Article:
My mother had worked in a bank when she had a job. In those days I had yet to start school. My father worked nights then as a bus driver, and he took me to see her sometimes. There were rainbow-flavored lollipops in the lobby of the bank in an immense clay bowl. My mother had her own desk in the lobby and wore a gray skirt and fish net stockings. After she finished talking to an elderly lady crossed her legs while she met with my father and me. The netting spread across her legs like a monotone chessboard. I sat in the chair where an elderly lady had sat. My feet didn't even reach over the seat edge; I was short in those days. I sucked on the lollipop, circles of color, while my father talked to my mother. She didn't smile when she was at work, but looked like she was always trying to remember where something was lost. This struck me an appropriate demeanor for someone who worked with money. I went to school and then one day my mother couldn't get up to work because she hadn't slept. We became acclimated to her change. Autumn arrived and in the milky light and cool air, the heat and brightness of summer seemed improbable. My mother nether slept nor woke nor left the house.

We had trips to the doctor for some time and they said kept saying she was okay. They gave her pills and the pills sometime made her worse. One set of pills left her dirty, and haggard and only able to sit in her chair. It was during this time she found herself in the guest bedroom. My mother's sister sometimes came. She was much younger, a college student. She wore sweaters and blue jeans and always arrived with a backpack filled with solitary activities. My aunt nodded her head. “I need to help,” she said. “She would do the same for me.”

It didn't occur to me at that the time that my mother was an adult that could be left alone. In the night while we slept, she got up to strange things, and it was a notion to my father, my aunt, and me that bizarre actions would be possible if we left my mother completely alone. As it was, at night the furniture might find itself in a different position. One night she woke and arranged all of the books by size, the largest the bottom right of the bookcase and the smallest at the top left of the bookshelf. “I couldn't sleep and I found ordering the books distracting,” she said.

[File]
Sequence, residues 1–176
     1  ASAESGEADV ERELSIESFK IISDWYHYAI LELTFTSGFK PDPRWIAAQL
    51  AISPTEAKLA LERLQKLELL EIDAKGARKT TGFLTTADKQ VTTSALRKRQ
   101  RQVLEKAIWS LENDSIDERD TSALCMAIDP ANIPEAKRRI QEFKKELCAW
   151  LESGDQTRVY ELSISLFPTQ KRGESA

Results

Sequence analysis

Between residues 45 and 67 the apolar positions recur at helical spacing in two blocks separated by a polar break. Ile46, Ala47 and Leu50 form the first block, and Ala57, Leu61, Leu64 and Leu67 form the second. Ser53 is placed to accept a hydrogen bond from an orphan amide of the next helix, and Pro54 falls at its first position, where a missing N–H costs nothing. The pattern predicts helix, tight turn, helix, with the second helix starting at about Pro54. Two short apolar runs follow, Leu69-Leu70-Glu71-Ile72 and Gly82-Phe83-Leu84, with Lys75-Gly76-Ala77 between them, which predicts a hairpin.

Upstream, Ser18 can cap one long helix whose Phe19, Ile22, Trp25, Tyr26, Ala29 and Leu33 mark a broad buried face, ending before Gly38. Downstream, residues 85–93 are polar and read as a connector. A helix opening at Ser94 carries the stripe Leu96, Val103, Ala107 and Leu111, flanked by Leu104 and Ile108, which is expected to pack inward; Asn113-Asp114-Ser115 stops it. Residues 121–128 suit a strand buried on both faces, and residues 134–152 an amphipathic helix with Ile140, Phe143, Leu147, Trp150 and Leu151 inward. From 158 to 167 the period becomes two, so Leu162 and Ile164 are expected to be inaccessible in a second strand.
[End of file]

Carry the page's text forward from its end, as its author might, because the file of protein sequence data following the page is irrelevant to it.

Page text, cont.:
My aunt's visits didn't happen often.

Away from the house in the middle of the day, a Saturday, in the cool fall air with the leaves beginning to fall, my father and I didn't know what to do with ourselves. In the past, weekends had been a function of chores. We would have to go to the hardware store, or the garage. But now we went to a park with a farm and a lake and sat under the fir boughs until the feeling of our house drifted away and we killed time not wanting to get back but finally dragging ourselves back.

When we returned, my aunt was pale and now looked like my mother. Although whatever it was that my mother had was not contagious, it seemed that it influenced people in the way that the moon influenced the ocean or a light with a reddish film made everything look red. My aunt said she was glad to help out sometimes and she got in her car and drove away and didn't come back for several weeks. Until she came back, my father and I could only do what we always did.

The next time she came back, we went fishing in a lake in a peat bog in the hills. I had never been fishing before. My father brought two fishing poles. We drove right there and then hiked along the dirt trail. The ground was red from iron deposits in the hills. The trees had been planted and grew in great number of silvery columns, nearly uniformly distant from each other and the same size. Massive power cables hung over the trail dipping down from the arms of one metal frame tower to the next. The wind hummed in the wires. The dust smelled like iron, a little like blood, and finally we sat ourselves on some snags at the edge of the boggy lake. Other fisherman were there as well working their own portion of the lake with fly reels. But it was nearly silent. “Why is it so quiet?” I asked my father after we had our gear set up and he whispered instruction to me in how to cast the reel. I had a tiny mosquito shaped tuft and hook at the end of my line.